The Sydney Harbour Bridge uses eight (I think) ginormous nuts at its base. I don’t know what would happen if Kong Kong came by with a spanner. Probably not much. The nuts hold enormous hinges in place, which allow for the bridge’s expansion and contraction. It’d probably still work without the nuts, as I think they just hold the horizontal pins in place.
Even if you removed the nuts, the tower would still be sitting on its base, held in place by its weight, some 6000 tons. It’d need to hop verticaly ~18" to jump off the vertical bolts. So it wouldn’t immediately fall over. How it’d fare in a windstorm or earthquake is another matter.
So how did they tighten them originally? Certainly not with the enormous spanner, nor do I imagine they used teams of burly men running around to ‘finger-tighten’ them before torquing them down…
I’ve walked past the tower and seen the bolts. It surprised me to think that the tower is just bolted down, but they are big ol’ nuts that would have required at least a BF wrench to tighten. It wouldn’t surprise me if someone built a machine specifically designed to tighten them. I would also imagine that the tightening process would have taken a while to avoid tilting the tower too much.
Can’t take any chances with nut nuts.
Just a wild guess but would it be such that they really don’t need to be “tightened”? If they are 6 feet across, it might be that their weight alone makes them sufficiently tight. Then, with a few welds there wont be any movement. I don’t know, just speculating.
I just assumed it had gone insane
Believe it or not a giant wrench used to be mounted at the base of Space Needle. Gone after renovations.
Tikki, do you remember the giant wrench that used to be mounted on column at base of Needle.
Wikipedia has a picture of someone rudely touching one of the Space Needle’s nuts:
They’re smaller than I expected.
I’m afraid Tikki last posted here about eleven years ago.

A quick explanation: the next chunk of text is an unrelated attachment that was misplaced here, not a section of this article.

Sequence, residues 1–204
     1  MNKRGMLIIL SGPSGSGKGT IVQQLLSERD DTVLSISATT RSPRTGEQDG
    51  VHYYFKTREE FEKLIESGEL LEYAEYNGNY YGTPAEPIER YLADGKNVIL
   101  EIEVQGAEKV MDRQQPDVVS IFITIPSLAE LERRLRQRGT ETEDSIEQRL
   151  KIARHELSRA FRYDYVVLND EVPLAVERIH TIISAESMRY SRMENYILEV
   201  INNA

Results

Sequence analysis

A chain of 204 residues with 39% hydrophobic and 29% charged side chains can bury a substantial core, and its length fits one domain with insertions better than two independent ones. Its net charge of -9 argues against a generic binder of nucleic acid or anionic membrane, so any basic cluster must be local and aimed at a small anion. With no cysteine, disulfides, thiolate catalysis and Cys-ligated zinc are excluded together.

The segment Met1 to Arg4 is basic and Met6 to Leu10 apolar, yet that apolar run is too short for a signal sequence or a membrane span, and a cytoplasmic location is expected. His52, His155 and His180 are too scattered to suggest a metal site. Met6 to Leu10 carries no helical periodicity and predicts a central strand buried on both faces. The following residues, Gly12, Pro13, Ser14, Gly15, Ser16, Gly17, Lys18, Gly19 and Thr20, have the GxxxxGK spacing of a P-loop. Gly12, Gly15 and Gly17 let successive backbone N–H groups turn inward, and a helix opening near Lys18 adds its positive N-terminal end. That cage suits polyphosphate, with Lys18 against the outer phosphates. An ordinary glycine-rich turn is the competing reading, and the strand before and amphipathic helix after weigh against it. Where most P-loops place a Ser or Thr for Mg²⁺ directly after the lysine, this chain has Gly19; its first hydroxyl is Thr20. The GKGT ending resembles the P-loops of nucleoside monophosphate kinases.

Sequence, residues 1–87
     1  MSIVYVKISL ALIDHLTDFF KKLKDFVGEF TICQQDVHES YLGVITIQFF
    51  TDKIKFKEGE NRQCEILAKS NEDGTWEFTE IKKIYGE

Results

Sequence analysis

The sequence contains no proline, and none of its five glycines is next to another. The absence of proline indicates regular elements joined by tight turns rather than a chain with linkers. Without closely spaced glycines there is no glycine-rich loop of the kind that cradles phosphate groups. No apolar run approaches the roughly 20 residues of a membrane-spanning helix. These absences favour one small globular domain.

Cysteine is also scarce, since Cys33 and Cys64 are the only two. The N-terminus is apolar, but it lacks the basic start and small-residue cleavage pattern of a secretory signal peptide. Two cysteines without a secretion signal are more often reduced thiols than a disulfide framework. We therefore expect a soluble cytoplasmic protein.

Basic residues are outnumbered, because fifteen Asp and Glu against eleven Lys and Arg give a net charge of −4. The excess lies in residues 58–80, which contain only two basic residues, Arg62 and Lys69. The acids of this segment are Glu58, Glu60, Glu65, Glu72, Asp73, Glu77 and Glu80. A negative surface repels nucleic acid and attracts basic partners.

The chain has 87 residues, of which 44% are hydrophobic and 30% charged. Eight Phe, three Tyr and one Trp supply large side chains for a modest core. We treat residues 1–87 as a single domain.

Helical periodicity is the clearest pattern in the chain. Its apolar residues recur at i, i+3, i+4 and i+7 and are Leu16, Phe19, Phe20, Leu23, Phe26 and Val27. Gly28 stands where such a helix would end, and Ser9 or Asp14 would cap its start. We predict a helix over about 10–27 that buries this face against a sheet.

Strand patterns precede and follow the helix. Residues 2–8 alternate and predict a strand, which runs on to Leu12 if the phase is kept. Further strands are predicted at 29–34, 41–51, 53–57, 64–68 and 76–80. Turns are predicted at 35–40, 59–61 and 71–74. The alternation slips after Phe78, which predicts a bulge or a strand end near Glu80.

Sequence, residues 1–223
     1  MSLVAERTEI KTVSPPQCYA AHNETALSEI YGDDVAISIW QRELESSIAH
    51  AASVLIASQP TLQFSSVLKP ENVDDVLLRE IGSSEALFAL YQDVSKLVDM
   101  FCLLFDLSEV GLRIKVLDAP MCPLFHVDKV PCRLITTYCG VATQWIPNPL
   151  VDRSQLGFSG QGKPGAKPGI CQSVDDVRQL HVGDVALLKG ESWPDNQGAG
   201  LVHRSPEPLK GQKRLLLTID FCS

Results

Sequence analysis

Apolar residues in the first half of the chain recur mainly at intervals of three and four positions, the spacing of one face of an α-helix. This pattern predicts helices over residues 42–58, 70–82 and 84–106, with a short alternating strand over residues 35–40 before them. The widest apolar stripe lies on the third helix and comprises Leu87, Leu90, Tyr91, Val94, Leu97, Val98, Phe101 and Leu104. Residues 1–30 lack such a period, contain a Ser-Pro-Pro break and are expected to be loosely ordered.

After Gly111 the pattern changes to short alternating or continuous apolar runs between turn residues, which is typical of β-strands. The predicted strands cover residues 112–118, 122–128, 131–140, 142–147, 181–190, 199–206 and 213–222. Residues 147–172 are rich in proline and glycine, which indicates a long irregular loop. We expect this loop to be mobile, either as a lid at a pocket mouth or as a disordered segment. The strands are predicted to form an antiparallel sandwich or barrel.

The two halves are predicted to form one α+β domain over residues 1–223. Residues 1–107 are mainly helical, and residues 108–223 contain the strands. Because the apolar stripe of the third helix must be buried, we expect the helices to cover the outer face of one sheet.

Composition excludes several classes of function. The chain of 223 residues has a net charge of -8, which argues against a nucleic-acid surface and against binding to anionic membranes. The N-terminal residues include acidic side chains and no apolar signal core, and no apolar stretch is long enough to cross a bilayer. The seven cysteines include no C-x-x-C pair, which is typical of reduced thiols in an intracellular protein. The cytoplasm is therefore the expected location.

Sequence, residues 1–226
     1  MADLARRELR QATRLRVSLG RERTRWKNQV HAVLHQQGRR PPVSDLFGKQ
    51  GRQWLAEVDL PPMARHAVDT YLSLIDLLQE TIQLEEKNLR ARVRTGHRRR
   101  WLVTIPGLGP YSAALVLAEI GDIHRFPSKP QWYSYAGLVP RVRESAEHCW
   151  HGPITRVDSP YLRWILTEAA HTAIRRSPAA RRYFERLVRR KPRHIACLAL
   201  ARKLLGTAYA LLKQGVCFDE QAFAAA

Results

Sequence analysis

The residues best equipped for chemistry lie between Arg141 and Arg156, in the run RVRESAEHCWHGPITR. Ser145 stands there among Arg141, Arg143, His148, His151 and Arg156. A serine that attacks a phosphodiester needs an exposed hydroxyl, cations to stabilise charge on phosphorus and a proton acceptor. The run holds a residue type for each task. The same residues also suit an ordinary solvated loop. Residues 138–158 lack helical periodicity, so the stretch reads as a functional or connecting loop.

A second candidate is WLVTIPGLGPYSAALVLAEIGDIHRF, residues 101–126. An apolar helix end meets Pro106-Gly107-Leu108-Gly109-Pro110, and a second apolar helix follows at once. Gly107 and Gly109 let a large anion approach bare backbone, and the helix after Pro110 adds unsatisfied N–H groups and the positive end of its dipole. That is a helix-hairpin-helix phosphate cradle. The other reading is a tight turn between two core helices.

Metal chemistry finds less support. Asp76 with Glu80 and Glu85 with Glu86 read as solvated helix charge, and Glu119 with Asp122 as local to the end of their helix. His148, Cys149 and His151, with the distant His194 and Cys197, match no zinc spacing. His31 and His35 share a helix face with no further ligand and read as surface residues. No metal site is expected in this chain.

Welcome all the same!
I imagine they used a wrench about 100 feet long to hold the nut fixed in place and tightened the bolt from below with a 100 foot screwdriver . If you take the Underground Seattle tour, I assume you can see the screw heads.
I wonder if it’s metric or US customary. It would be annoying if the nuts turned out to be 250 mm when all you have in the toolbox is a 10" crescent wrench.
Those are fairly normal “nuts”. I am used to seeing such bolts being tensioned (tightened) using pneumatic or hydraulic bolt tensioners :
That’s what she articulated.
As the actress said to the bishop.
Always fun when your entendres get doubled.
That’s what she said
So … not so much a space needle as a space weeble,
It was difficult to see exactly how that hydraulic tensioner applied torque to the nuts, but the cool thing was seeing that it could torque multiple nuts at the same time to assure even pull-up around the entire flange perimeter.
Some years ago I saw a documentary that I think showed a large naval vessel on which many fasteners along the length of a shaft had to be tightened in close synchrony. Every few feet along its length there was a sailor with a wrench on a fastener, and every few seconds a particular individual called out a command - and every sailor would give his wrench a single turn.